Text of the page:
OPINION: Dining halls must adapt to Jewish dietary needs

Los Angeles is a metropolitan hub for Jews. After the New York City area, Los Angeles has the most Jews in the United States. And yet, in a city with over 600,000 Jewish people, USC does not adequately offer dining hall food that meets the religious dietary restrictions of this community.

Observant Jews follow strict dietary restrictions and can only eat foods that are “kosher,” as delineated in the Hebrew Torah. The religious laws are extensive and include a particular way of slaughtering animals, several forbidden types of food, utensils that have not touched any of the forbidden foods and supervision of the cooking. The food at USC dining halls, which does not separate items like meat and dairy, is inherently not kosher. The utensils and plates at the dining halls, which cannot come into contact with pork, do not meet the basic kosher requirements either.

There are easy solutions to satisfy the needs of the observant Jewish community that numerous major universities have already implemented: a kosher-option meal plan or a kosher restaurant on campus. Over 350 campuses across the country have kosher options in their dining halls or a kosher restaurant on campus. Every Ivy League school has one, USC’s crosstown rival UCLA has one and even Colorado State University in Fort Collins — a school with just 500 Jewish undergraduates comprising 2 percent of the total undergraduate population — has one. The question is, why doesn’t USC?

According to USC Hillel, it should. Of all private universities, USC has the 12th most Jewish students. Roughly 11 percent of USC’s undergraduate population is Jewish, and six percent of all graduate students are Jewish, for a total of some 3,500 students.

Reports from USC Hillel and USC Chabad — two Jewish organizations on campus —  as well as the Office of Religious Life indicate that USC Hospitality is looking into a kosher meal plan. According to an email sent by USC Hillel on Jan. 3, the University is “working hard to ensure the availability of Kosher meals on campus” and is planning to offer three kosher dinners every week for students who sign up in advance.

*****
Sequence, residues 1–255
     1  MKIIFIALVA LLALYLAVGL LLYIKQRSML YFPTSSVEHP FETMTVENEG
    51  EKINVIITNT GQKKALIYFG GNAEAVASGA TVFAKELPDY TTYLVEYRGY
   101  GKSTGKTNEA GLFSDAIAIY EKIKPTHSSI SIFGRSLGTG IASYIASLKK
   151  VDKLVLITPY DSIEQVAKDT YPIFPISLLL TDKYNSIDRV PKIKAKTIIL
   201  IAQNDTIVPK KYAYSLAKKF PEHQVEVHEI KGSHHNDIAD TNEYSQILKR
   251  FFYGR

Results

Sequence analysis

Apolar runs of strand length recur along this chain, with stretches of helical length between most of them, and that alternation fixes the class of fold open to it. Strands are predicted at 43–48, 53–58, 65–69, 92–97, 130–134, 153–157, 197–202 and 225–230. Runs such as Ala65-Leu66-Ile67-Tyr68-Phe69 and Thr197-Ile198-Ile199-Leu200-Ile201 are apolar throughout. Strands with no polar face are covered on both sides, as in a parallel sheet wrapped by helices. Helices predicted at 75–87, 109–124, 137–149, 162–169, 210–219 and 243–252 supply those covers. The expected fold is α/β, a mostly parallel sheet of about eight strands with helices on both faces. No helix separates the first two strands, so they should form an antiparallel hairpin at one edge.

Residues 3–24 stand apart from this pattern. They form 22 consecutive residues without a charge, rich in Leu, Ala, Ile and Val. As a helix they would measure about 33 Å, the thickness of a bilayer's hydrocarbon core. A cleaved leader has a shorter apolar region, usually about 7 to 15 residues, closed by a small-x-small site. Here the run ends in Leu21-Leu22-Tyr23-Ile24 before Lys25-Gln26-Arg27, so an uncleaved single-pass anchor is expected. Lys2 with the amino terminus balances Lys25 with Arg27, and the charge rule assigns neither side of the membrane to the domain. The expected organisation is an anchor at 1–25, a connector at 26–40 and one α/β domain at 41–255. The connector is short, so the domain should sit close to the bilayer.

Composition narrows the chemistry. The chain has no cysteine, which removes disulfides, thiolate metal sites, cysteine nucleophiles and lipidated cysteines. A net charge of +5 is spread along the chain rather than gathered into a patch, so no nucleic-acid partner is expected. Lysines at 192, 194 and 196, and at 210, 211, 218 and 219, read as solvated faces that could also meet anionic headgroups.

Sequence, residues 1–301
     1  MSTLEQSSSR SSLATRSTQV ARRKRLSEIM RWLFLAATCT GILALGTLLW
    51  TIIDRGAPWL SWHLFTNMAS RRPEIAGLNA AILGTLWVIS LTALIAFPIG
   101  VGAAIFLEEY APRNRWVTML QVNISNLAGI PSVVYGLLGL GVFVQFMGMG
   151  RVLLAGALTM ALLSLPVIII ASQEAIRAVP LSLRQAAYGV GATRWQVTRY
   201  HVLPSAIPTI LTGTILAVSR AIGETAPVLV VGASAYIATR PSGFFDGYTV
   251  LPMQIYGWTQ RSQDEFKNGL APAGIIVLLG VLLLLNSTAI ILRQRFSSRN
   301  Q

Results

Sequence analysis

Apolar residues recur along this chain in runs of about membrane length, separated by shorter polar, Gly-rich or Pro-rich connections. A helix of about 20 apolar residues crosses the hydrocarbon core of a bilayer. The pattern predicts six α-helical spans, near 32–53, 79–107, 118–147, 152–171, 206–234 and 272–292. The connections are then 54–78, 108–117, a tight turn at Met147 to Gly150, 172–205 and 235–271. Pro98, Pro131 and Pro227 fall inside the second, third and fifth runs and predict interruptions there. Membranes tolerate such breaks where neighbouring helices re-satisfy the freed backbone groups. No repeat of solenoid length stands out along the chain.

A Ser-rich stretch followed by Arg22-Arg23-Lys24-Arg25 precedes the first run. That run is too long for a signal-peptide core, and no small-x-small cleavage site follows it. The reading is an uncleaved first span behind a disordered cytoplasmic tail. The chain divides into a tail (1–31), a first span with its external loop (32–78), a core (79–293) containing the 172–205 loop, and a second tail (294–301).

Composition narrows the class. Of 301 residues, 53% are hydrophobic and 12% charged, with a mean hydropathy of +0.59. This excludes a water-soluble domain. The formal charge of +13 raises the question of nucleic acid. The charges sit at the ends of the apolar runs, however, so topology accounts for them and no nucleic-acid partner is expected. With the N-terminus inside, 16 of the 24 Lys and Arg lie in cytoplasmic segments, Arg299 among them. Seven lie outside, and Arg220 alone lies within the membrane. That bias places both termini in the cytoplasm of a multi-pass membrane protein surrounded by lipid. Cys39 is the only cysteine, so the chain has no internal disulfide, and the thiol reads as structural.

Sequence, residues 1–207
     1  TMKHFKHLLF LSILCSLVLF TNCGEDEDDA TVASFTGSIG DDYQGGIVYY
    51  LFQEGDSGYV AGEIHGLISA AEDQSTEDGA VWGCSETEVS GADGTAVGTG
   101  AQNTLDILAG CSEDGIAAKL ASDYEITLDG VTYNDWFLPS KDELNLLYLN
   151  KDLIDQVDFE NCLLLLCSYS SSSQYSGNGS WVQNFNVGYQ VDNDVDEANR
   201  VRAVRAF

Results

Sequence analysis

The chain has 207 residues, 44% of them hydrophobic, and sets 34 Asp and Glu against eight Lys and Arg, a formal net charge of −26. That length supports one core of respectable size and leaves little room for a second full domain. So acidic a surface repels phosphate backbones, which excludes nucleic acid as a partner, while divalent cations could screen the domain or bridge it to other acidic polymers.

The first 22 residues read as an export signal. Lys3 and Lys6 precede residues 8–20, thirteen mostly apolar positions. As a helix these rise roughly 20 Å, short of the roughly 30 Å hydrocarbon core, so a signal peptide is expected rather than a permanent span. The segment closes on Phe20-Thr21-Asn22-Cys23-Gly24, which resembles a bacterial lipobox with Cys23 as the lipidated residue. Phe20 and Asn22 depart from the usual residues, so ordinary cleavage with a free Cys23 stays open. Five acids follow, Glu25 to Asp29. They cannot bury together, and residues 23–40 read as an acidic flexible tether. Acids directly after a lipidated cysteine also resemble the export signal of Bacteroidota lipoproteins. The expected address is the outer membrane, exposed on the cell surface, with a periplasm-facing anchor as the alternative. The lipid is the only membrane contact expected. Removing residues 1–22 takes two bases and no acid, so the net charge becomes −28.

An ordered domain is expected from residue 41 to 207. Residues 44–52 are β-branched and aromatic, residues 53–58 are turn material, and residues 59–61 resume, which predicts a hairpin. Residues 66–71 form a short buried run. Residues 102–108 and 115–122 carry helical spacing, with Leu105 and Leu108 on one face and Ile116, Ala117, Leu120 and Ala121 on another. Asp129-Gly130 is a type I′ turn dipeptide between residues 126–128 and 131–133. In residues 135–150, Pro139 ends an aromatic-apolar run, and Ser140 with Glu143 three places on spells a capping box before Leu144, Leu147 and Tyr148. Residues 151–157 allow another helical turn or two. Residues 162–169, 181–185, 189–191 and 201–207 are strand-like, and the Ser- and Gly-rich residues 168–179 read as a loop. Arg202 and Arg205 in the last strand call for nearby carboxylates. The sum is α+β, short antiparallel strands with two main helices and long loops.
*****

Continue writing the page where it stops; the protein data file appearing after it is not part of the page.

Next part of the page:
According to an email sent by the Office of Religious Life, no date or location has been finalized for the plan.

USC Chabad Rabbi Dov Wagner and his wife Runya Wagner both said they have tried to convince the University to offer kosher food for over 14 years, and that there have been several previous attempts by the University to meet the dietary needs for observant Jews, none of which have lasted.

For instance, in the early 2000s, the University agreed to host kosher food trucks around campus. These food trucks would not accept dining dollars or meal plan swipes. The food trucks decided not to return to campus after realizing their profits were not as high as they could be operating in a more heavily concentrated Jewish neighborhood.

The University has a responsibility to make sure all of its students have proper meals available on campus. A student should not have to decide between living off snacks and not freely practicing his religion as a result of the University’s lack of action; students have a basic right to be provided with food that meets their religious standards. If prisons are mandated to provide their Jewish inmates with kosher food, then surely USC can make an effort to provide its tuition-paying students with the same.

The reality is that Jewish life at USC is vibrant and thriving. Wagner said that Chabad at USC reached over 1,000 students last semester. Additionally, he said that the Fall 2017 semester was one of the most successful semesters in his 18 years leading Chabad at USC. And while Chabad at USC and USC Hillel are providing for the growing Jewish community when it comes to spiritual meaningness, classes and social activities, the University has an obligation to provide them with adequate dining options.

USC is a leading global university that competes internationally in academics, research, diversity and infrastructure. But the reality is there are hundreds of schools — plenty with a fraction of the number of Jewish students USC has — that outcompete USC when it comes to providing its students with food they can eat without breaking the rules of their religion. This needs to change.

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